“Post-truth” refers to a political campaign that appeals to voters’ emotions. In particular, this adjective is used in situations where voters are affected by the opposite of truth. The word was selected as 2016’s international word of the year by the U.K.’s Oxford Dictionary, a choice that reflects populism’s sweep across the world, as evidenced by an outsider’s unexpected victory in the recent U.S. presidential election, preceded by the Brexit decision in June.

During the campaign, President-elect Donald Trump claimed he would bring jobs back to America’s working class, while declaring the return of protectionism with an “America First” slogan, but his populist policies are raising serious concerns both in and outside the U.S. In fact, he threatened and then placated the air-conditioner company, Carrier, so as to discourage its plan to move one of its plants from the U.S. to Mexico. Even American companies are unhappy with Trump’s policies, and economists insist the policies are destined to fail as they go against the true nature of corporations, which is to maximize profit while minimizing costs. In other words, they are accusing Trump of misleading workers with deceitful policies.

As a matter of fact, populism had already landed in Europe ahead of its arrival in the U.S., and it has been rapidly shaking up the political geography of the region. Syriza, led by Greek Prime Minister Alexis Tsipras, is a typical populist party, which won the Greek general election in a troubled economy. It was also a far-right populist party, the Five Star Movement, that led opposition to Italian constitutional reforms and drove former Italian Prime Minister Matteo Renzi out of office. In addition, Norbert Hofer, who narrowly lost the Austrian presidential runoff on Dec. 5, 2016, is a member of the right-wing Freedom Party, and the 2017 French presidential elections, scheduled for April 2017, are already largely expected to boil down to a duel between the far-right National Front leader, Marine Le Pen, and François Fillon, the nominee for the center-right French Republican party, who represents the old politics.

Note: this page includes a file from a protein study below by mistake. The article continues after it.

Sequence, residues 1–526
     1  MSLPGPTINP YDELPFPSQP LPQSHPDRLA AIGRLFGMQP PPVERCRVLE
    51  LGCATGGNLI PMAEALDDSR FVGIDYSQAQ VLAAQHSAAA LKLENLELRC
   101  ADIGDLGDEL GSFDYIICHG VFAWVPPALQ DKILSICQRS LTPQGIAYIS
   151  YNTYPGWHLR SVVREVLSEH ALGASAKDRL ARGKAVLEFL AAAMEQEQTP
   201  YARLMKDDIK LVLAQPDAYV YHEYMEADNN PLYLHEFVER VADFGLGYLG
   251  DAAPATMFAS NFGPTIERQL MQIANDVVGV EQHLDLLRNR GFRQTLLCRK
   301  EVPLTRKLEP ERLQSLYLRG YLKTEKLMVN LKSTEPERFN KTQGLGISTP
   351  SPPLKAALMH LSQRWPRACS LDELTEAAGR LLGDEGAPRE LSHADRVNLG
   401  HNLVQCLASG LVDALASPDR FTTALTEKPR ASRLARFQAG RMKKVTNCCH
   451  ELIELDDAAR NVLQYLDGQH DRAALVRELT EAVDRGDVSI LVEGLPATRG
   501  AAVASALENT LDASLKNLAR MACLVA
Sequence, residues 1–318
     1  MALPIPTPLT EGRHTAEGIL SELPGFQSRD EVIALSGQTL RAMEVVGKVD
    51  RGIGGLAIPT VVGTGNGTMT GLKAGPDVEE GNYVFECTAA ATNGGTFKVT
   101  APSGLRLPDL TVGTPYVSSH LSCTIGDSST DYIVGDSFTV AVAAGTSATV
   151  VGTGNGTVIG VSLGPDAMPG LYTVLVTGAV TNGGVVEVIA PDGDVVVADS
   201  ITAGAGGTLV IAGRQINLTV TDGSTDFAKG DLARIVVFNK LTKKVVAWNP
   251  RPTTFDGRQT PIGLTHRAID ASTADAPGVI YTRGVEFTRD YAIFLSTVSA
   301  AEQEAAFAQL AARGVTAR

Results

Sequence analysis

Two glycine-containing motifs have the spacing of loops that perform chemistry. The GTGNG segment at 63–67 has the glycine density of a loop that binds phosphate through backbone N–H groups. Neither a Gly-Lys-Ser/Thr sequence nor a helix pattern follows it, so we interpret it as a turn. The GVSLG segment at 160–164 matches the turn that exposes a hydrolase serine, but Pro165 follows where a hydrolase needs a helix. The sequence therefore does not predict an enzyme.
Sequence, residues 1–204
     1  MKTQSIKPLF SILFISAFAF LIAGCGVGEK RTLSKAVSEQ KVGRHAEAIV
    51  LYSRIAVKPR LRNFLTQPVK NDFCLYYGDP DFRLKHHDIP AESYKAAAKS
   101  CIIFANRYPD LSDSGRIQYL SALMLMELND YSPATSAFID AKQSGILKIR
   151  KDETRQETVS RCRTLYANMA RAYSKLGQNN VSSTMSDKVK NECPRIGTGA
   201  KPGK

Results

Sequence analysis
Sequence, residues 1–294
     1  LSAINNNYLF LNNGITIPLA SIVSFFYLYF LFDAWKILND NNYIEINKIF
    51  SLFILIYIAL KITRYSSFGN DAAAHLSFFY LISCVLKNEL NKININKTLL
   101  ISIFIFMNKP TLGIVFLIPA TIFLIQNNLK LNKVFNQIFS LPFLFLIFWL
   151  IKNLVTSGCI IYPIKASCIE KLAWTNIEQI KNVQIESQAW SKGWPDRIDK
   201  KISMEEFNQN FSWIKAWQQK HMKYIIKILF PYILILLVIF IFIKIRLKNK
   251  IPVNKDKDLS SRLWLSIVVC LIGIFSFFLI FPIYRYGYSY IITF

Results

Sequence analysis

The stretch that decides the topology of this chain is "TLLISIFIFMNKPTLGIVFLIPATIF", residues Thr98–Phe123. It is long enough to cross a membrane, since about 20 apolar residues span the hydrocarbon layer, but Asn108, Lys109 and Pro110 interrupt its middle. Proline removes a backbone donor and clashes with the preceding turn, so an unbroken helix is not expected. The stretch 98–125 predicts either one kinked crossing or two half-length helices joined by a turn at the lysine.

Is the rise of populism in the U.S. and Europe just a “bad choice” the public was lured into by right-wing political parties with post-truth slogans? Writing a comment article in The Guardian, world-renowned physicist Stephen Hawking recently told the hard truth about world politics. In his article, he defined both the vote for Brexit and Donald Trump’s victory in the recent U.S. presidential election as “a cry of anger by people who felt they had been abandoned by their leaders.” In addition, Professor Hawking warned of the danger of treating these strong showings of the far-right merely as “crude populism.” He argued that it “would be a terrible mistake” to “attempt to circumvent or circumscribe the choices that they represent.”

It is a “feeling of betrayal” that is giving way to the surge of populist parties; once accused of false and offensive claims, these parties are now gaining enough strength to be a threat to the old political system. The American working class, who had expected to see a trickle-down effect, are outraged by the increasing inequality. The southern European countries that joined the eurozone (a monetary union of 19 countries that use the euro as their common currency) in pursuit of the vision of “one economy” benefiting all its member countries, ended up in despair, realizing the fruit of integration only grows in certain nations. Though the old politics blame the public for falling for populism and betraying them, it was them, in retrospect, who abandoned the people, only to let them turn away from the old system.

The day has come: the future of South Korea will be determined today. The Korean people will hold their breath while they wait to see the decision made by the 300 members of the Korean Parliament. What is clear is that today’s impeachment vote against President Park will be not the end but the beginning of a new journey, regardless of the result of the vote. President Park is not the only reason more than 2 million Korean people have held candles. Their protests are a warning against the “politics of betrayal,” as well as an outburst of frustration and anger over a depressing reality: the politics were supposed to give hope, but they failed a Korean people who have lived life to the full with expectations for a better future for the next generation. If Korean political circles are driven solely by self-interest and simply repeat the status quo after the impeachment vote, there is no guarantee they will not follow in the footsteps of European conventional parties, which brought a fall on themselves by betraying their people.